References

Butt, Ahsan. 2016. “Street Power: Friday Prayers, Islamist Protests, and Islamization in Pakistan.” Politics & Religion 9(1).

Kureshi, Yasser. 2018. “Judging the Generals: Judicial-Military Interactions in Authoritarian and Post-Authoritarian States.” PhD diss, Brandeis University.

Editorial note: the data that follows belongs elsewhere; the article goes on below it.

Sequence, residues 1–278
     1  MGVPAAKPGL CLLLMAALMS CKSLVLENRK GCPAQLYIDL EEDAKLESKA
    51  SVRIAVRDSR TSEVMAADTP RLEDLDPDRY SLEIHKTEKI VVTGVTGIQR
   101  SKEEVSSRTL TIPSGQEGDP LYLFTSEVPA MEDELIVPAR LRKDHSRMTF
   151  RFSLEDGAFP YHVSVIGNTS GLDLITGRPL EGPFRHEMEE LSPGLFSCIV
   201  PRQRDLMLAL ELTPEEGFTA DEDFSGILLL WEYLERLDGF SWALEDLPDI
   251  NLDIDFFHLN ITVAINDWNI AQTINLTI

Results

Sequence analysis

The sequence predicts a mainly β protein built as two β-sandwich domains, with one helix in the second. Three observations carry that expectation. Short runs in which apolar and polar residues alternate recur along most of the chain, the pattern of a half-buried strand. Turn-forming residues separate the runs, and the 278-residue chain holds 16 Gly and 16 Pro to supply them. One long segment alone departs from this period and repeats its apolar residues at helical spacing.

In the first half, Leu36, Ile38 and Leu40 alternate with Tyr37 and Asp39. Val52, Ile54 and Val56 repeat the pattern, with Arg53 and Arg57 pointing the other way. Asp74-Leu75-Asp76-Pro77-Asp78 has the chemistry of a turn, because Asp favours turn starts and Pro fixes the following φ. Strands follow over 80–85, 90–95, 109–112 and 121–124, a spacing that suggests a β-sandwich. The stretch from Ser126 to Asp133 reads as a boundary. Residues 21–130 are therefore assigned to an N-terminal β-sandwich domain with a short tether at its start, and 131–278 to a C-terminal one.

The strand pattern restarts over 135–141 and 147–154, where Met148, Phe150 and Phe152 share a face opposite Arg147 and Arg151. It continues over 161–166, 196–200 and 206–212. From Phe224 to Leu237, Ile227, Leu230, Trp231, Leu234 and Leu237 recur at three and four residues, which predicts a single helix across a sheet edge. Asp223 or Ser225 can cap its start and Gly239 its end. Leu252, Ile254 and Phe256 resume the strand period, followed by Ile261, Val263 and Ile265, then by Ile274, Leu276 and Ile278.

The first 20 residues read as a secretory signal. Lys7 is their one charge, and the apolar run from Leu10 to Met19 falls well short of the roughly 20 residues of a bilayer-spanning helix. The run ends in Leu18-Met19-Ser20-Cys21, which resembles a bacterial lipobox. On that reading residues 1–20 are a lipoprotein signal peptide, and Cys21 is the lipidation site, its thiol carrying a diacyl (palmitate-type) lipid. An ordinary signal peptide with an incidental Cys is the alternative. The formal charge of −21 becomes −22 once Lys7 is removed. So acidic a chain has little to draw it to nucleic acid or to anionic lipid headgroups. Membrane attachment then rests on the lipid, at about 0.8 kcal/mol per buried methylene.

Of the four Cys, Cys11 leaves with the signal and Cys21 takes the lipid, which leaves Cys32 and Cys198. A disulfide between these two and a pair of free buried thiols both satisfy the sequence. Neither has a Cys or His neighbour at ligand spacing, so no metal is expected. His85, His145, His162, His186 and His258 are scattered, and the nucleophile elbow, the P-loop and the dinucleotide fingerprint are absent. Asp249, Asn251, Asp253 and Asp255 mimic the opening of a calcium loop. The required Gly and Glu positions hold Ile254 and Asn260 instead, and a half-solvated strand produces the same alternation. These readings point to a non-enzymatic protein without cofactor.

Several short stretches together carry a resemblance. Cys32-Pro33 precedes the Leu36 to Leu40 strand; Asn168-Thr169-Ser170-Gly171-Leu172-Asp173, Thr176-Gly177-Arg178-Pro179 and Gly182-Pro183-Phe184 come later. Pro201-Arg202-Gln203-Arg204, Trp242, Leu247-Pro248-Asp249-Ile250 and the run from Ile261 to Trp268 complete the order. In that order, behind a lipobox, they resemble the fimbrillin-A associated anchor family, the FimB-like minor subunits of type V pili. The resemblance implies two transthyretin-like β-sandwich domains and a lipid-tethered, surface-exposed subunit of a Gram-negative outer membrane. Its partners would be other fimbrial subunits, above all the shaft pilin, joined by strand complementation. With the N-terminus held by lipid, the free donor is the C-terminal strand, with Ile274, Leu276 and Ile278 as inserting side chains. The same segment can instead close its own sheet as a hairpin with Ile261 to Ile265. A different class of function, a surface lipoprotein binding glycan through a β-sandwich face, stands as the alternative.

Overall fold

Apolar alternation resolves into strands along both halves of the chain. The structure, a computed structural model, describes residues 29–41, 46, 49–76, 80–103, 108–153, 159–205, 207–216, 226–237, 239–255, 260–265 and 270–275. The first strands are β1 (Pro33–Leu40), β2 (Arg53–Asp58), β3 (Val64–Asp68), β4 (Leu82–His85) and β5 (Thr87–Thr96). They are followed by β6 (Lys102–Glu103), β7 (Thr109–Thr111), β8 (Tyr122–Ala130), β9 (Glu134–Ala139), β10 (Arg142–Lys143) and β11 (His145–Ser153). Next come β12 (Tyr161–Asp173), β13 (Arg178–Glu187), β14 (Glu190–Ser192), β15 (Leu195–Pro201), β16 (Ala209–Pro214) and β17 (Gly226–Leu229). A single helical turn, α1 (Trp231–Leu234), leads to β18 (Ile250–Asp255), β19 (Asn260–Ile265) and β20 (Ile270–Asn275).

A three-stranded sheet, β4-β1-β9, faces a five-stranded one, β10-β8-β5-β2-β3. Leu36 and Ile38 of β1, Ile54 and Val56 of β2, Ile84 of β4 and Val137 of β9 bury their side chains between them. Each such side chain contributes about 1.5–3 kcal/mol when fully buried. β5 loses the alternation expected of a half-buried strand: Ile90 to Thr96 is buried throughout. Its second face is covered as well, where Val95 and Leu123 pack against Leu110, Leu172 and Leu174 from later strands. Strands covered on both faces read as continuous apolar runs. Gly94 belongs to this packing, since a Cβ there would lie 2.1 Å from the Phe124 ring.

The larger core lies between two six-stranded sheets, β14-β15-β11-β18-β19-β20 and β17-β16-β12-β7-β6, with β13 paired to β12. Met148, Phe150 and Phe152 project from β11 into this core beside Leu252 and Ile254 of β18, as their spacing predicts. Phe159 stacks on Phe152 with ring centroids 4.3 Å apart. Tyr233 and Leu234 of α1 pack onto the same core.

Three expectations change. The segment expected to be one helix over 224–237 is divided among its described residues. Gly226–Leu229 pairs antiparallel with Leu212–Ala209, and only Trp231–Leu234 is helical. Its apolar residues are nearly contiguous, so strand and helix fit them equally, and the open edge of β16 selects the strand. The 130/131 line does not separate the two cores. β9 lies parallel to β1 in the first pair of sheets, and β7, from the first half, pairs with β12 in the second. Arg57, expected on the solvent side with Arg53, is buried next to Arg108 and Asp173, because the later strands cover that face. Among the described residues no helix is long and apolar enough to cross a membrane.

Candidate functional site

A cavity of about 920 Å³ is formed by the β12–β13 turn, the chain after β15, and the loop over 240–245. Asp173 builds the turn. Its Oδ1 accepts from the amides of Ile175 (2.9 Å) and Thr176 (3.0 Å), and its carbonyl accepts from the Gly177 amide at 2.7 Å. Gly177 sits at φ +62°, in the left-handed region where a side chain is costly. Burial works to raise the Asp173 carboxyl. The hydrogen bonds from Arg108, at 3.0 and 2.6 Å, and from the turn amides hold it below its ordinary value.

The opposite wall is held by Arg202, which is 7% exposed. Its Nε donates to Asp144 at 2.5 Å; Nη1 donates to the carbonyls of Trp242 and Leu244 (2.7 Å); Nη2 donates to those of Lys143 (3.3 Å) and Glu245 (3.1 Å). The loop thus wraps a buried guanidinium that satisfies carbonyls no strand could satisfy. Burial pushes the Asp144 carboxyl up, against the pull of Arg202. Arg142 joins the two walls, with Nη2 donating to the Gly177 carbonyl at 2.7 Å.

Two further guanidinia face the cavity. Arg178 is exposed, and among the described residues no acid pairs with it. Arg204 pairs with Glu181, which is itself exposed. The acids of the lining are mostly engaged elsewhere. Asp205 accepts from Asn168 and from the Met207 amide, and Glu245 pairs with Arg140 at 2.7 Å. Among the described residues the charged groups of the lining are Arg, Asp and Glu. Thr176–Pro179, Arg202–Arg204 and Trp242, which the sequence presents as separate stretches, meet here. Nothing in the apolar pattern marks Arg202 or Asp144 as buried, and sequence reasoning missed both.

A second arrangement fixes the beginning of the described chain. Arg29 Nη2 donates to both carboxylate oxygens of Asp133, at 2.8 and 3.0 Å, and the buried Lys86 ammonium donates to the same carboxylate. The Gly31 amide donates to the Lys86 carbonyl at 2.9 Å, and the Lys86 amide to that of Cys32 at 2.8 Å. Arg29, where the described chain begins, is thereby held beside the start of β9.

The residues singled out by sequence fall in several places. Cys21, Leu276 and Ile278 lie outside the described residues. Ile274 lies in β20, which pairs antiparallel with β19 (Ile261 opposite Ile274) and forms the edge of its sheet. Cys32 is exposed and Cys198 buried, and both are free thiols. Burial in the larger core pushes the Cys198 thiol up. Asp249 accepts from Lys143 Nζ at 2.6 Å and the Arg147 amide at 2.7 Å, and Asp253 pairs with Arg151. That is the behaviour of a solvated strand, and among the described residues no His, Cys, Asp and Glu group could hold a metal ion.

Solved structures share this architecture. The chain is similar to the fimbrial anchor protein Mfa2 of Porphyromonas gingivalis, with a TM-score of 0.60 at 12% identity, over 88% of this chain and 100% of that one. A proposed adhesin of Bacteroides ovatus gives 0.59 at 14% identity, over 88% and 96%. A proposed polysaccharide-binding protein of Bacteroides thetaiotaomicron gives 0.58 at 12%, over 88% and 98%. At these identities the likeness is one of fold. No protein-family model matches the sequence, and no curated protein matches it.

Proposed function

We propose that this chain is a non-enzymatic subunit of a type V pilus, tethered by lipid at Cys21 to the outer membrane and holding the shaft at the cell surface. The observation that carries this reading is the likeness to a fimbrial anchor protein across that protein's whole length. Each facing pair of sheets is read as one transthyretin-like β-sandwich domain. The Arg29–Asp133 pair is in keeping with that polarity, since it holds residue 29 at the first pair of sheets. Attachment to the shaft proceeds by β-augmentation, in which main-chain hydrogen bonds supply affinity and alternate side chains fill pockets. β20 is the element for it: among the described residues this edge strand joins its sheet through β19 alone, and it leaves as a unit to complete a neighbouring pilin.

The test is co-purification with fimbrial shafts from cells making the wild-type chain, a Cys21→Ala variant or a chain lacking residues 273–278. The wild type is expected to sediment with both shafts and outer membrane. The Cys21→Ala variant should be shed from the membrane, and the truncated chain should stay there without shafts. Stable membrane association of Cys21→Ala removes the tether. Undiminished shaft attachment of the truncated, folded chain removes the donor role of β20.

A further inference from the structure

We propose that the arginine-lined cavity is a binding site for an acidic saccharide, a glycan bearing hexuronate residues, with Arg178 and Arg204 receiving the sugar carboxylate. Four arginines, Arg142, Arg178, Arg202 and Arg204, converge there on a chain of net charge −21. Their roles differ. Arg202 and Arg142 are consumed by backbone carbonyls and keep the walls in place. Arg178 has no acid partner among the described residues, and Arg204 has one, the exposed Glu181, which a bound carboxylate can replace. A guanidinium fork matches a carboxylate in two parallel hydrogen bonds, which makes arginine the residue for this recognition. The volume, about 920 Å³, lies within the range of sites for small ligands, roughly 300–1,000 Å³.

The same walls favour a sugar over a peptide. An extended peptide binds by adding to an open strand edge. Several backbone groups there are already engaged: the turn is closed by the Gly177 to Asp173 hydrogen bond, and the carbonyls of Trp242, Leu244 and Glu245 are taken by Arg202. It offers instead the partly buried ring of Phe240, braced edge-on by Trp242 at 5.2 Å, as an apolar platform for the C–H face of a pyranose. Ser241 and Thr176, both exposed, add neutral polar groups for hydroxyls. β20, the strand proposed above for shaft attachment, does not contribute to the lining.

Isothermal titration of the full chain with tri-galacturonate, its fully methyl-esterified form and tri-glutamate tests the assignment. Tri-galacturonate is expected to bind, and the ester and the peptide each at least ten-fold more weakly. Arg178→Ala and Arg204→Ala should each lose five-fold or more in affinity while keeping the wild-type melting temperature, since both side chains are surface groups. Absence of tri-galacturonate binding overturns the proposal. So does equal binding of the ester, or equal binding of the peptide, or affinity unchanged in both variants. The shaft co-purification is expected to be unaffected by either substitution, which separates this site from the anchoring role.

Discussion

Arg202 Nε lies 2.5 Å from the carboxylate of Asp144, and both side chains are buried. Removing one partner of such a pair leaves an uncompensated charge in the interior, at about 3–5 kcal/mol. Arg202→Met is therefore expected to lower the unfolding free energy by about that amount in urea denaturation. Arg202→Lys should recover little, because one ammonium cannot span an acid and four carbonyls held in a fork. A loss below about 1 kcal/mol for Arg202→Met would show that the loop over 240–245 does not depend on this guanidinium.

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Niloufer Siddiqui is an Assistant Professor at Rockefeller College in the Department of Political Science. Niloufer completed her PhD in Political Science at Yale University in 2017. Her book project examines why political parties engage in violence and the variation in violence strategies that they employ. Other research interests include political behavior, the politics of religion and ethnicity, electoral dynamics in developing or transitioning democracies, and voters and foreign policy. Siddiqui previously worked at the International Crisis Group (ICG) and the International Organization for Migration (IOM) in Islamabad and the American Civil Liberties Union (ACLU) in New York. She has an MA in International Relations from the Johns Hopkins School of Advanced International Studies and a BA in English from Haverford College.